Saturday, December 26, 2009

Police lose battle over evidence of 'British 9/11' plot

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December 26, 2009


Police lose battle over evidence of ‘British 9/11’ plot

Scotland Yard must reveal whether it had CIA intelligence

Scotland Yard has been ordered to reveal whether it has any evidence to support America’s claim that Britain was saved from a 9/11-style disaster by the CIA’s secret foreign interrogation centres.

The Times has won a case under the Freedom of Information Act forcing British police to say whether the US stopped a plot to fly planes into Canary Wharf and Heathrow. The claim was made by President Bush when he first acknowledged the existence of a clandestine CIA prison network created to fight his War on Terror.

The Office of the Information Commissioner, Christopher Graham, has upheld a complaint that the Metropolitan Police was wrong to stonewall inquiries by The Times. Scotland Yard has been given 35 days to comply or appeal. If it admits that there is no such intelligence, it would undermine any political defence for America’s strong-arm tactics in fighting terrorism. If such information does exist, it would boost supporters of the policy of “extraordinary rendition”, giving a justification for their methods.

The Information Commissioner’s Office dismissed all of Scotland Yard’s arguments for refusing even to say whether it holds any information about the CIA foiling London’s “9/11”.

The Metropolitan Police had claimed that confirming whether it had this information might harm national security.

President Bush first admitted in September 2006 that terrorist suspects had been held in secret CIA prisons beyond America’s borders. He said: “These are some of the plots that have been stopped because of the information of this vital programme. Terrorists held in CIA custody have also provided information that helped stop a planned strike on US Marines at Camp Lemonier in Djibouti — they were going to use an explosive-laden water tanker. They helped stop a planned attack on the US Consulate in Karachi using car bombs and motorcycle bombs, and they helped stop a plot to hijack passenger planes and fly them into Heathrow or the Canary Wharf in London.”

His admission that the secret centres existed came after allegations by critics that some interrogation techniques amounted to torture. The supposed methods included waterboarding (simulated drowning), beatings, electric shocks and mock executions. The extent of any complicity by Tony Blair’s Government in the US policy of “extraordinary rendition” remains a sensitive political issue in Britain.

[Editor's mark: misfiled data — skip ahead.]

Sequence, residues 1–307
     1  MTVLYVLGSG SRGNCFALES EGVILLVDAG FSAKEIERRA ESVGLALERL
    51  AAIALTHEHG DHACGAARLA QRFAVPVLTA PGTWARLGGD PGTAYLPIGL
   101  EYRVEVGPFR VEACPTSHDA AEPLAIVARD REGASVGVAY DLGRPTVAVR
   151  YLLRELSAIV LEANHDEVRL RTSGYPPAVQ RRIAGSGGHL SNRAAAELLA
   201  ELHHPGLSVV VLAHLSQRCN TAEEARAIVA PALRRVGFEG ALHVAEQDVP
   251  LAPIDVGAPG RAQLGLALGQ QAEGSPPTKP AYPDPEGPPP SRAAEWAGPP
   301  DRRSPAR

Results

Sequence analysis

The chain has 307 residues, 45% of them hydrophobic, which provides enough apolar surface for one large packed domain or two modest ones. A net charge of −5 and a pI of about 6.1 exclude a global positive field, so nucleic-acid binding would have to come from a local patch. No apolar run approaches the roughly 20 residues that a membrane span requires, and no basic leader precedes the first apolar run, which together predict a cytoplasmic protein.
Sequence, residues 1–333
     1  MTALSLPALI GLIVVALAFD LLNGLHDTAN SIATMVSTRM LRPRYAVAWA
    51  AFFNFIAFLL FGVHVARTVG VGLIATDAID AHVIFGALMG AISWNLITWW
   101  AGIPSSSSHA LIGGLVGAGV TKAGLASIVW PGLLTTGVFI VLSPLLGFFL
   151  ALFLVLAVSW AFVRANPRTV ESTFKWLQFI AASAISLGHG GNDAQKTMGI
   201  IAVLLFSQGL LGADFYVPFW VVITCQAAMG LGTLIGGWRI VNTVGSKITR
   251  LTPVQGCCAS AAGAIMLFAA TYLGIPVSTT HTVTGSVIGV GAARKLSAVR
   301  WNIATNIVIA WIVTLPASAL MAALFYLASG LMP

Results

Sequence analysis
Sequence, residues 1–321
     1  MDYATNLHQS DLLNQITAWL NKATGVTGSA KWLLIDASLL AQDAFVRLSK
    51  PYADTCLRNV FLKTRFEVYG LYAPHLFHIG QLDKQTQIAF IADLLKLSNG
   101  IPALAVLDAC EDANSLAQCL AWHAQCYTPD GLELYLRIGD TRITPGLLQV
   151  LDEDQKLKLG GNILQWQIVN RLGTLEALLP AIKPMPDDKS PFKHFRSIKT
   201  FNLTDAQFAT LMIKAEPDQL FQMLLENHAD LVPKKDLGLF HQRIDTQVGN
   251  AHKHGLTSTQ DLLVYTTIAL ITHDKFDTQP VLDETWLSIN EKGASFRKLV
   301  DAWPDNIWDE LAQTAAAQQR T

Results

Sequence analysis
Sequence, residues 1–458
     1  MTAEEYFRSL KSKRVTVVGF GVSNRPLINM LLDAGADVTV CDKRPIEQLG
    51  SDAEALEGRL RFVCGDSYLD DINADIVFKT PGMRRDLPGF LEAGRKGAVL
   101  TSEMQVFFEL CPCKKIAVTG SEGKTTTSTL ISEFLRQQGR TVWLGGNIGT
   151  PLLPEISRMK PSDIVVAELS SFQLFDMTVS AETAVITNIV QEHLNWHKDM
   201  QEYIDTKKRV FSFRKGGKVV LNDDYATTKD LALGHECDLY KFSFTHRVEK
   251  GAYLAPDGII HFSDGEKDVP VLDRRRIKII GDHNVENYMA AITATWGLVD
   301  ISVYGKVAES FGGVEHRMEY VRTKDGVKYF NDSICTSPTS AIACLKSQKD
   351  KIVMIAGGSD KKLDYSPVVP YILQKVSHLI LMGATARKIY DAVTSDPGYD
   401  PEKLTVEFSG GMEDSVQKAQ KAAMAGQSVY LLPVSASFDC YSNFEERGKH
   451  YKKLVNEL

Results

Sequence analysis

Ministers have twice had to go to Parliament and admit that the House of Commons had been misled.

Last year David Miliband, the Foreign Secretary, admitted that two flights carrying prisoners had landed on Diego Garcia, a British territory, for refuelling despite previous denials.

John Hutton, when he was Defence Secretary, said in February this year that two terrorist suspects caught by Britain in Iraq had been transferred by the US to Afghanistan. The Government had previously given reassurances that there had been no such cases.

The case of Binyam Mohamed, a British asylum seeker questioned by MI5 in overseas US custody, where he claims to have been tortured, has led to a clash between judges and the Government. Mr Miliband is appealing to prevent the High Court from disclosing sensitive information relating to Mr Mohamed’s treatment in custody.

The Times asked Scotland Yard, based on President Bush’s public remarks, to provide information about how the Canary Wharf plot was foiled using information from CIA detainees outside America. The force refused to confirm or deny whether it held such information, citing concerns about national security, international relations, law enforcement and health and safety. It gave no explanation of its reasoning.

The Times appealed to the Information Commissioner. The police explained their reasons to his office. Denying that they had the information would reveal to the terrorist group that it was not under investigation “and so it would continue its activities”. But confirming it held the information would reveal that it was under investigation, leading it to take evasive action.

However, the Information Commissioner’s Office pointed out: “The statement made by the President of the United States that is referred to in the request makes it clear that any such group was the subject of an investigation.” So any alteration in the terrorist group’s behaviour would have already occurred.

Baroness Ludford, the Liberal Democrat MEP who led an EU inquiry into rendition, welcomed the ruling. If Scotland Yard admitted that it had no such information, she said: “Either it’s a fabrication of the vivid imagination of President Bush and other people in Washington, or what does it say about real intelligence co-operation?”

A Scotland Yard spokeswoman said: “The Metropolitan Police is currently considering its position.”

Copyright 2009 Times Newspapers Ltd.


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